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Study Suggests Magnesium Sulfate Reduces Cerebral Palsy Risk In Preterm Infants
Aug 27, 2008 3:20 PM
According to a study published in the Aug. 28 issue of The New England Journal of Medicine involving researchers from the University of Utah, the risk for cerebral palsy in preterm infants may be significantly reduced with intravenous magnesium sulfate treatment prior to birth.
During this multi-institutional study led by the University of Alabama at Birmingham, 2,241 women at risk for preterm birth – many of them from Utah – were randomly assigned to receive either placebo or magnesium sulfate. The majority of the women had experienced preterm ruptured membranes prior to labor or delivery. Among those mothers who received active treatment, their babies had a significantly lower rate of all forms of cerebral palsy; 4.2 percent vs. 7.3 percent in the placebo group, and of moderate to severe cerebral palsy, 1.9 percent vs. 3.5 percent in the placebo group.
“Although researchers are not charged with determining standard medical practices, these findings support the notion that in the future, women at high risk for preterm birth, particularly for very premature birth, may commonly receive magnesium sulfate in hopes of decreasing the risk of cerebral palsy in their babies,” says Michael W. Varner, M.D., professor and vice chair for research in the Department of Obstetrics and Gynecology at the University of Utah and one of the study’s co-investigators.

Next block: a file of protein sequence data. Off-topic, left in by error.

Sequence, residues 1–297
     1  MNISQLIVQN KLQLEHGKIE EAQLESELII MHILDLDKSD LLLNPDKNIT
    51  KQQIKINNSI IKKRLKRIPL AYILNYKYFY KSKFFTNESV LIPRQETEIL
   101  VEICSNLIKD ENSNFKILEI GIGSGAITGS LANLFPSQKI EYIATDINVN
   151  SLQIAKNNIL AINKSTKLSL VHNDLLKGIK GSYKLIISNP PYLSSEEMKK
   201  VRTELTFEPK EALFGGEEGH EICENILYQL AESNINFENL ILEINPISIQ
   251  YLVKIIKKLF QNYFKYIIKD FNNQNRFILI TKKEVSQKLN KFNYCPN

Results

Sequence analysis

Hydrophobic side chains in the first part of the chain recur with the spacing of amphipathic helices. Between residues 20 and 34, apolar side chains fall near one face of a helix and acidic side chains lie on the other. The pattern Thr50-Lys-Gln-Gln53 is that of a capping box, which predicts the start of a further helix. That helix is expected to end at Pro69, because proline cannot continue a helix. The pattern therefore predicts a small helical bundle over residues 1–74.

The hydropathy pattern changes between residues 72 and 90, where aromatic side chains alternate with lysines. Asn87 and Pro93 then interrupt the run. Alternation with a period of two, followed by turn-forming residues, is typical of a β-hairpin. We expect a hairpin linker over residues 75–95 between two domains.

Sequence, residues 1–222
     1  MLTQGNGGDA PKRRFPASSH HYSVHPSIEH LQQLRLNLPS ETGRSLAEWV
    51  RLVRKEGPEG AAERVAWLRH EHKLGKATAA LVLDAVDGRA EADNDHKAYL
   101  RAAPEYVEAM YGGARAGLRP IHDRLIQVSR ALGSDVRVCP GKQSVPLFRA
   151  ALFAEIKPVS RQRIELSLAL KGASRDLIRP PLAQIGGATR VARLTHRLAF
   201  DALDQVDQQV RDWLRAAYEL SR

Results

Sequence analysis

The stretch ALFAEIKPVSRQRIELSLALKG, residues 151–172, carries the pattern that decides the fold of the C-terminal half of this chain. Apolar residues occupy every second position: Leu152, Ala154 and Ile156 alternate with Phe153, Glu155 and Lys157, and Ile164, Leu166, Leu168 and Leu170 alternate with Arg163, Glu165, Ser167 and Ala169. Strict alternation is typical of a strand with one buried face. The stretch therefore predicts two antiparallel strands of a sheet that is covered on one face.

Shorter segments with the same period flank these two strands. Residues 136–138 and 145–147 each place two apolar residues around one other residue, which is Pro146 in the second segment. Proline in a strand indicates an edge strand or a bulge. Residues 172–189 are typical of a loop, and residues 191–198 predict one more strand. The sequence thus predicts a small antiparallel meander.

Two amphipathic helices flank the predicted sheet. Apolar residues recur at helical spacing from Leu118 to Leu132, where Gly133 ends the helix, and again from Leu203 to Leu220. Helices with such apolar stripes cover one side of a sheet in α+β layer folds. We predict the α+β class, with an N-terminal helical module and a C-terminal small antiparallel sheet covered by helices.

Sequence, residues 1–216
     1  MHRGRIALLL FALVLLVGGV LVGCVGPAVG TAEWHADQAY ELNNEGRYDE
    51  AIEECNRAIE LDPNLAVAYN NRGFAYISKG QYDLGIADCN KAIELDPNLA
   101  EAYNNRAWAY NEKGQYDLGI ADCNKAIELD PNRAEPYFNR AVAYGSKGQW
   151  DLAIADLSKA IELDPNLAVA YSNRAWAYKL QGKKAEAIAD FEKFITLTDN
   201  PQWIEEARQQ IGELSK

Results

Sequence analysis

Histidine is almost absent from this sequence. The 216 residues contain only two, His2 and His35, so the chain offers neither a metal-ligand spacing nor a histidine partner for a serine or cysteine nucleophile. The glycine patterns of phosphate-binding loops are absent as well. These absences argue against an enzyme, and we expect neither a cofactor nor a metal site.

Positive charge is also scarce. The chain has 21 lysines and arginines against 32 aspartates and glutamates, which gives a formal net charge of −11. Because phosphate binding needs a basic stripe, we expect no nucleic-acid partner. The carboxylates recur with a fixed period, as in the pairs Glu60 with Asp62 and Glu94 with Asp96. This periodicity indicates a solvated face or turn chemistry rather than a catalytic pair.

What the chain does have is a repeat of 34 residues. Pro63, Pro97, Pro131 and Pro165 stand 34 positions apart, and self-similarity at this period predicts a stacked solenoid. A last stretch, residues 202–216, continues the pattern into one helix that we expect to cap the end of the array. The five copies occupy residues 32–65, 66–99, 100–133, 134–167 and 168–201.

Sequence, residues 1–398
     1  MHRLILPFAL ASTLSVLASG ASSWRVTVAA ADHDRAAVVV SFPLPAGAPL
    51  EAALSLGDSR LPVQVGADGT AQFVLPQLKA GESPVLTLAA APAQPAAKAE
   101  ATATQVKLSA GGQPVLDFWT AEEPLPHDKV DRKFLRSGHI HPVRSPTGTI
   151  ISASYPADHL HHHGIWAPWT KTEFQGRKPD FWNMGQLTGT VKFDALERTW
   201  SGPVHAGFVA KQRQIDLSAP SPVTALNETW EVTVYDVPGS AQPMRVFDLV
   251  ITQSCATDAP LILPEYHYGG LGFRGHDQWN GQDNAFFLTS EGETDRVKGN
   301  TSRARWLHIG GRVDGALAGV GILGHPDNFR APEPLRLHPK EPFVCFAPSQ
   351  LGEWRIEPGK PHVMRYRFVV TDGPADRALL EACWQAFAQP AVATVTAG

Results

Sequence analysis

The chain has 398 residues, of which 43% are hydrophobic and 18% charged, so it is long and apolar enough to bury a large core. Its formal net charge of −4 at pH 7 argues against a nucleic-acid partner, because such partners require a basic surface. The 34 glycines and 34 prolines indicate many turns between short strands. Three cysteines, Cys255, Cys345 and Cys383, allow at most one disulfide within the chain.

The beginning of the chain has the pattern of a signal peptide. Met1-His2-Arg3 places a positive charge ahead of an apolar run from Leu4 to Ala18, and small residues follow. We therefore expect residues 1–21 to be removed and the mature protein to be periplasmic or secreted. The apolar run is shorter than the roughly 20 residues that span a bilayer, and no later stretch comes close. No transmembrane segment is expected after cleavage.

Magnesium sulfate is routinely administered to prevent seizures in women with preeclampsia and to stop preterm labor, but because it is believed to stabilize blood vessels and protect against damage from oxygen depletion, swelling and inflammation, researchers suspected it could also help babies at risk for preterm birth, a common risk factor for cerebral palsy.
Cerebral palsy is the term given to a group of neurological disorders that limit control of movement, posture and activity. Although the cause is not well understood, cerebral palsy is attributed to brain injury or developmental abnormality during pregnancy, birth or in early childhood. With an estimated 200,000 American children affected, it is a leading cause of childhood disability.
The study’s success in patient recruitment can be attributed to a nationally recognized research collaboration between obstetrician-gynecologists at the University of Utah and Intermountain Healthcare. This partnership gives researchers the opportunity to offer study participation to the majority of high-risk pregnancies in the region. Many national researchers have called upon this network for assistance in gathering participants for related studies.
“Utah is very unique in its collaboration efforts between academic and private hospitals and physicians,” Varner says, “and the efforts of those involved were executed nicely with regard to this study.”
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